Weeks old: 32
I like: Making an array of strange noises for interpretation, chewing on the bars of my cot, boobs, showing people my teeth
Mummy is learning: That I will be okay for short periods without her
Before I had a baby I thought leaving my baby would be no big deal. I figured even if I was breastfeeding I would just express some milk, leave a bottle and swan off. I pictured heading into London for the day with friends, going out in the evening for dinner with Mr O and possibly even going overnight to my company’s annual conference in Berlin, which happened in January. I figured that I’d just leave him with Mr O or the O Seniors or even a babysitter.
Now I am not suggesting that leaving your baby with a competent carer, whether that’s their other parent, a relative or a professional is the wrong thing to do but what I underestimated was just how difficult I would find it to leave him and how much I would worry that my absence would unsettle him.
One of the complications we have with Little O is that he doesn’t like bottles, or even now that he’s a bit older a sippy cup. Me being away from him means that his primary food source is interrupted. This has always meant that on the odd occasion I needed to do something that I couldn’t do with Little O in tow I have had to be very conscious of not going too far or being back by a certain time.
Over the past few months Mr O and I have started leaving Little O with the O Seniors for a few hours here and there in the day so that he and I can go on a little lunch or coffee date and reconnect without the distraction of Little O’s immediate needs. We are very fortunate to have the luxury to do this because it’s so easy to neglect your relationship with a baby taking up so much of your attention.
But it was only two weeks ago that I first had the guts to leave him with Mr O for the entire day. I will be returning to work in 5 weeks, which has made me face the fact that Little O has to learn to eat without me.
Mums on maternity leave in the UK have the option of doing up to ten “keeping in touch” days, where they can choose to attend work for the day and catch up with what has been going on so they don’t feel completely alienated on their return. It’s not compulsory but if you do them you get paid for the days you work. I decided to start taking one day a week and leaving Little O with Mr O for the whole day.
On the first day I left him I spent the entire train journey trying not to cry. Although I am the primary earner in our family and there is no question of me not returning to work there is a little voice in my head that sometimes tells me that as a mum, I shouldn’t leave my baby, no matter what. My feelings where not all bad though, I was extremely excited to be wearing a real bra and clothing that was non-breastfeeding accessible and to be free of the pushchair. And when I got to work, catching up with my colleagues, finding out what was happening with various projects and just drinking my coffee while it was hot was lovely.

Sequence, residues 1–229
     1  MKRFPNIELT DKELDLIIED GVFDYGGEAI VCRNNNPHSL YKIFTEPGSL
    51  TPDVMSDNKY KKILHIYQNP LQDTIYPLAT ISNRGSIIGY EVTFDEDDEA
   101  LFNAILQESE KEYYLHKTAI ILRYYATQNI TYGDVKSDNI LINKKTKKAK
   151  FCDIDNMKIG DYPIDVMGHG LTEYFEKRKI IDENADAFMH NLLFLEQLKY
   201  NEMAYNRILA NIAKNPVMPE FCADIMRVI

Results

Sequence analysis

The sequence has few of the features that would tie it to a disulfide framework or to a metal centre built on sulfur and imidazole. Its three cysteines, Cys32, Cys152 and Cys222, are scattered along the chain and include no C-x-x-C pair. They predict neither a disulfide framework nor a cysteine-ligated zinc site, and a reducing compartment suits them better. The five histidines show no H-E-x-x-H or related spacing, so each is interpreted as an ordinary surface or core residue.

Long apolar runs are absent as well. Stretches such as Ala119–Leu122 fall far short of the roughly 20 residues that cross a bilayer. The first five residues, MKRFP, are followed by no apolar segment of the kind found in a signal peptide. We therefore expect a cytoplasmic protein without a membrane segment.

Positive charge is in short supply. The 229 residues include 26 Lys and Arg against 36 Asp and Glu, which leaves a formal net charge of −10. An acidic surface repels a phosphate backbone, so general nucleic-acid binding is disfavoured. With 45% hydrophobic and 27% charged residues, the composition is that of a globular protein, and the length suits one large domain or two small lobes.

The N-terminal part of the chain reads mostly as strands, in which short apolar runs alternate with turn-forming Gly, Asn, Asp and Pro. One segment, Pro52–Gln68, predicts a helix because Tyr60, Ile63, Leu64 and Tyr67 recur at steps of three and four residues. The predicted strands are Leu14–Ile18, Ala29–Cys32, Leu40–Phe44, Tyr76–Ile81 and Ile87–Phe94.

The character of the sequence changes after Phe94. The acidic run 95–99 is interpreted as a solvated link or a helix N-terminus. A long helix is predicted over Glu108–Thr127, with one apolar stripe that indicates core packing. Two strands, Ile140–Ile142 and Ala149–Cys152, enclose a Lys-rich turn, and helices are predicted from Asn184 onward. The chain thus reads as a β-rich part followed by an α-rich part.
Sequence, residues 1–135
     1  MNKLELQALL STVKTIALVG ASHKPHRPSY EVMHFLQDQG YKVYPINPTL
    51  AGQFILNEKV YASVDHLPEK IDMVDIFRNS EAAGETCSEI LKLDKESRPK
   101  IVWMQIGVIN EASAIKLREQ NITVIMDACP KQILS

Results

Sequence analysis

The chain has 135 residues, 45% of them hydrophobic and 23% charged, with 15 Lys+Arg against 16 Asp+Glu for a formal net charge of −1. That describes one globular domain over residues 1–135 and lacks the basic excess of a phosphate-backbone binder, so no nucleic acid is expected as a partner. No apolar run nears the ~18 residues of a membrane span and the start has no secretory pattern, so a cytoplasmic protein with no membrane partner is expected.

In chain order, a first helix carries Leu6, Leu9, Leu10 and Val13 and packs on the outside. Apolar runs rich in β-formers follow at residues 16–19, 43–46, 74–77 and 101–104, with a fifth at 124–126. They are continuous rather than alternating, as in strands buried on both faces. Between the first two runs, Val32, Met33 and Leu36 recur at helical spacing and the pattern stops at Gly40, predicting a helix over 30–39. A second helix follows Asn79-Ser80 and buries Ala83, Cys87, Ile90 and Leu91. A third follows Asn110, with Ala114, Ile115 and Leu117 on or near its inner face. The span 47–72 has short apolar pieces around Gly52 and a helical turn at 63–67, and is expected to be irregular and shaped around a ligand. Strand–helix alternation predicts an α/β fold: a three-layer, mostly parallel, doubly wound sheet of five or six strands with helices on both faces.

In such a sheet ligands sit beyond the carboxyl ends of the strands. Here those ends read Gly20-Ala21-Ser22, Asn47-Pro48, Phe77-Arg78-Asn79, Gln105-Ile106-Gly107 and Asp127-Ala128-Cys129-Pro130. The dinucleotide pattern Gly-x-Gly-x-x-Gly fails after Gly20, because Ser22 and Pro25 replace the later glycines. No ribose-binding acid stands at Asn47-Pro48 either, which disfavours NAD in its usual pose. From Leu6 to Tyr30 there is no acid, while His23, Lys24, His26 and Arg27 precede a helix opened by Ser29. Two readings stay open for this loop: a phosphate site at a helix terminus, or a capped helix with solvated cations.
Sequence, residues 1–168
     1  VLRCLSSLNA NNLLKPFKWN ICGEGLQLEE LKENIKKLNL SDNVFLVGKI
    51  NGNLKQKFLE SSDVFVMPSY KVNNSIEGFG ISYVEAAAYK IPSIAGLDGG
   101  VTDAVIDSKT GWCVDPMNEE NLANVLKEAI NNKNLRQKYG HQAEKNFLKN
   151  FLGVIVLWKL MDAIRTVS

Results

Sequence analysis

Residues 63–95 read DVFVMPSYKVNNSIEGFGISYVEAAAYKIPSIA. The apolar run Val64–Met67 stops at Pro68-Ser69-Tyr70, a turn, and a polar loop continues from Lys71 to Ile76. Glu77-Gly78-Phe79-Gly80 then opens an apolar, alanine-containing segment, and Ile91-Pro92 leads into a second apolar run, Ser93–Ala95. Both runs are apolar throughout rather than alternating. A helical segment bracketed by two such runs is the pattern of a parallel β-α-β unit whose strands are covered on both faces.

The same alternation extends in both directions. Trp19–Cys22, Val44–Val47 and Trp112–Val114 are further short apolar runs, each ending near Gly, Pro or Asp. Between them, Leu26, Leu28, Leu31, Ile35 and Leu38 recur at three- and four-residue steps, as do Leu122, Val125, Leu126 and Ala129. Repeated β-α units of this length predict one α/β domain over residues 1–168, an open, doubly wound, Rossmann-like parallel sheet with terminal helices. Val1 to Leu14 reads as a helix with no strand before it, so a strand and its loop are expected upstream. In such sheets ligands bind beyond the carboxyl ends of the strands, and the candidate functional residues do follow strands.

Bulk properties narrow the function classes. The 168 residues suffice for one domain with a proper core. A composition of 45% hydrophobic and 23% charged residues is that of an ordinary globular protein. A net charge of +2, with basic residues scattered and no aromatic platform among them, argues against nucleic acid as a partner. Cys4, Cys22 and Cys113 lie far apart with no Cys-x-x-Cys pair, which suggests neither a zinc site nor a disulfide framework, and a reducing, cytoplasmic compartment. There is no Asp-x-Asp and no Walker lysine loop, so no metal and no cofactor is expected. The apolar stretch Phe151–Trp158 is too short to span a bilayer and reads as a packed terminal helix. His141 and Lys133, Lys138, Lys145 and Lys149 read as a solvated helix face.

When I got home Little O was happy to see me, but it turned out he’d been happy all day with Mr O. He had just about enough milk from a bottle not to starve or dehydrate and ate more solids than he ever does with me. (Unfortunately this happened to be the evening that the great vomit crisis started but these things are not related).
The second day I left him I went without a sick feeling in my stomach and although I thought about him a lot during the day I worried so much less. Little O was just as content without me as he had been the previous time. It’s made me realise that me leaving Little O is probably a much scarier prospect for me than it is for him although his contentedness is likely down to the fact that we’ve been able to build such a close strong bond over the last seven months. I cannot imagine what it must be like for mums who are not fortunate enough to be able to take much maternity leave and have to leave a baby of only a few weeks old.
The next challenge is to leave Little O in the evening. At the moment he still breastfeeds to sleep and tends to wake up several times in the night. Usually the quickest and easiest way to settle him is by rocking and breastfeeding him. If Mr O tries to settle him he usually wakes up and thinks it’s playtime. I am not really sure what would happen if someone else tried to put him to bed or settle him in the night and the thought makes me rather nervous. I will have to face my fears soon though as in a couple of weeks me, Mrs O Senior and Mr O the younger are going to a show in London. Wish me luck…